Lament from Epirus: An Odyssey into Europe’s Oldest Surviving Folk Music
by Christopher C. King
Kitsos Harisiadis: Lament in a Deep Style, 1929–1931
an album produced by Christopher King with Vassilis Georganos
The first thing one notices about Epirotic music from the 1920s and 1930s is that it’s raw. This isn’t just a result of the grainy quality of the recording. The singing is full-throated and passionate; the instruments keen like wolves or flutter and swoop like hummingbirds. The insistent strumming and drumming, the pedal notes, the droning of strings and accompanying voices churn with a primeval energy. Aspects of the music suggest bluegrass, or free jazz, or the Velvet Underground, or the Carnatic music of southern India. But something sounds a bit off.
Alice Coltrane played piano in her husband’s groups from 1966 until his death the following year. Alice recorded a dozen albums under her own name, ranging from straight-ahead jazz to experimental mixtures of orchestral music and improvisation to Hindu chants performed in gospel arrangements. Her corpus remains one of the most varied and underappreciated in jazz.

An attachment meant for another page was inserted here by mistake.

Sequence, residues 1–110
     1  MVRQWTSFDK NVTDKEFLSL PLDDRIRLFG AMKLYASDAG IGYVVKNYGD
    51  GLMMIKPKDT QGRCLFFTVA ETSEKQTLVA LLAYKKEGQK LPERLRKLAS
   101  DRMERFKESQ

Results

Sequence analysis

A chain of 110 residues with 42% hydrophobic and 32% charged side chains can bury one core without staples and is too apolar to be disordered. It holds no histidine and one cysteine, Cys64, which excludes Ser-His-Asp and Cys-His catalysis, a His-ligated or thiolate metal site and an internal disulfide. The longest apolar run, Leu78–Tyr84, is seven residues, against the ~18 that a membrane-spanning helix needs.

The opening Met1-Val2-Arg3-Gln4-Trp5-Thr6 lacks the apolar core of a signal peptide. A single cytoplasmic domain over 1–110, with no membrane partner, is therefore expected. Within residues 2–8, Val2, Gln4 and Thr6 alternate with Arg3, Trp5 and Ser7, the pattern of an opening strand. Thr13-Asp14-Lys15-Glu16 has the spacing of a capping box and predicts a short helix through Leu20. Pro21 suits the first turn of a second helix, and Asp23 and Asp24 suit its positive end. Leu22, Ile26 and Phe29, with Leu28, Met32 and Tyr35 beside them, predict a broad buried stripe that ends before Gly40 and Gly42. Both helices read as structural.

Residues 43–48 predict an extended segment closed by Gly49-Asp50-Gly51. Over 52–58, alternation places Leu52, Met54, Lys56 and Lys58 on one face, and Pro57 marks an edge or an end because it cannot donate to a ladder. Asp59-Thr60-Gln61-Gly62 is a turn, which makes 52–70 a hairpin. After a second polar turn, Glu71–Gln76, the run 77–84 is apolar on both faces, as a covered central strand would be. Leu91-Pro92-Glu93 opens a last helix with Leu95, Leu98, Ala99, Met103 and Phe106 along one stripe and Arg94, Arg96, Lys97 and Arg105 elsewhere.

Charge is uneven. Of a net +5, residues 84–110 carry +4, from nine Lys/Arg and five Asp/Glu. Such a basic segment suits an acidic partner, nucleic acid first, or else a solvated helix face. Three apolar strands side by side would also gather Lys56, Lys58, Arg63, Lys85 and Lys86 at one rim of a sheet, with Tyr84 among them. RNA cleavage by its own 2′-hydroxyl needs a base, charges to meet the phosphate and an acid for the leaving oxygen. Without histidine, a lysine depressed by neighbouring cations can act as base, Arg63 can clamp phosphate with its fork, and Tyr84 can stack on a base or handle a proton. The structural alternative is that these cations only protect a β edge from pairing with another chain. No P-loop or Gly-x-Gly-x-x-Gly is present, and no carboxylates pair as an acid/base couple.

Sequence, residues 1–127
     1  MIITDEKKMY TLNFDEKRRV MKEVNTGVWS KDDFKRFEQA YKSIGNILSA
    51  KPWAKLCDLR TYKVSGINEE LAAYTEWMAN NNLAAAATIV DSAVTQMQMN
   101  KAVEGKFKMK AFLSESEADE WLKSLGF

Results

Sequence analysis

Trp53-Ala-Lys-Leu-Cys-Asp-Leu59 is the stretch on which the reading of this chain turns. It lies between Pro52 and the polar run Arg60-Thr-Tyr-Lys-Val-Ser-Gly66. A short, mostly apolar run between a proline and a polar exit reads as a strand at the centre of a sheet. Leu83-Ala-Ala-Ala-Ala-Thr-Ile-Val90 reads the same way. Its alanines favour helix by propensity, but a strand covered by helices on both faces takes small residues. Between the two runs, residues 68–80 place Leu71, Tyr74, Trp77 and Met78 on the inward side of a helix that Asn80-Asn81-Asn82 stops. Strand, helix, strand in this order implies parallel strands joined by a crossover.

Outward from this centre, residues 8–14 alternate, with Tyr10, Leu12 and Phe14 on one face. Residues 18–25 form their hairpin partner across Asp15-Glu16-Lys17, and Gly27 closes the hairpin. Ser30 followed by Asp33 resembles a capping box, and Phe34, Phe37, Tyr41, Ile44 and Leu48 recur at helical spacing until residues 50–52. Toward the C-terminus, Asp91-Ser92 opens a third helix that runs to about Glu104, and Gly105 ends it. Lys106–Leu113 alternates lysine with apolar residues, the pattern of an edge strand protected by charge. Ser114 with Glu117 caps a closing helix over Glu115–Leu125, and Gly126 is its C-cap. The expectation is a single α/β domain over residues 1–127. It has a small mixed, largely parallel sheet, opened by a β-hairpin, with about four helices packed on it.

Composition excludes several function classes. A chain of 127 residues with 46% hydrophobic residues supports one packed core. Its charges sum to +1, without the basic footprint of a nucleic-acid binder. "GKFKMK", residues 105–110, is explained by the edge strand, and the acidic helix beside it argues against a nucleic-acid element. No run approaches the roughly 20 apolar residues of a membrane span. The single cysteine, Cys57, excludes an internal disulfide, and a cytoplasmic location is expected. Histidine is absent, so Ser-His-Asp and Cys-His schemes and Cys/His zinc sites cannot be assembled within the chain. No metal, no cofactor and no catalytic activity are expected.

It’s surprising that Austrian novelist and playwright Thomas Bernhard would agree to star in a documentary about his own life and work, filmed in Hamburg in 1970. (A new book featuring a translated transcript as well as a number of stills has just been released.) By participating in Three Days, Bernhard risked turning himself into writer, not someone who writes.
A month and a half after the opening of its new building, the Whitney Museum is now hosting an eleven-day festival celebrating the work of American expatriate composer Conlon Nancarrow, who is best known for his innovative studies for player piano. Even when you don’t understand what you’re hearing, the sheer energy of Nancarrow’s inventions can be delightful, and watching these piano rolls unfurl provides its own pleasure.